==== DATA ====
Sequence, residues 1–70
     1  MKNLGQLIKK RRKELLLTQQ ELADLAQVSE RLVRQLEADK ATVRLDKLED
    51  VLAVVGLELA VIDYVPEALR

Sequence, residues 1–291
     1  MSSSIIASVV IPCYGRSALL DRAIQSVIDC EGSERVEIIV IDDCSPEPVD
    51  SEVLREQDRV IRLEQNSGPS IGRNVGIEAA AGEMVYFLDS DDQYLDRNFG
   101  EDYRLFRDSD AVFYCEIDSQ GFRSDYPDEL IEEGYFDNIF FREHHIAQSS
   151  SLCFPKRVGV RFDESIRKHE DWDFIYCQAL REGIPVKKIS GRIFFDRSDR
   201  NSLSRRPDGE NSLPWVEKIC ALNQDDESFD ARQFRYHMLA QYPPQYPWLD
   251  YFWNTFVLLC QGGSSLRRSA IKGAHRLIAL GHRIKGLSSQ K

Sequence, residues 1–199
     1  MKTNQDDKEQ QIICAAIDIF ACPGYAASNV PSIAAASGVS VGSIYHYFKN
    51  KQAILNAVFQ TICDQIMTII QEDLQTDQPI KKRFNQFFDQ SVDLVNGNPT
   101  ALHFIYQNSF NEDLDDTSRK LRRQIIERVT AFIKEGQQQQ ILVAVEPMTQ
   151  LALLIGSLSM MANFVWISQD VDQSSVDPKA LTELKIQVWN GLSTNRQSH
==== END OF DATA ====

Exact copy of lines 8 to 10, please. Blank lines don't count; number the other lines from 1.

   151  SLCFPKRVGV RFDESIRKHE DWDFIYCQAL REGIPVKKIS GRIFFDRSDR
   201  NSLSRRPDGE NSLPWVEKIC ALNQDDESFD ARQFRYHMLA QYPPQYPWLD
   251  YFWNTFVLLC QGGSSLRRSA IKGAHRLIAL GHRIKGLSSQ K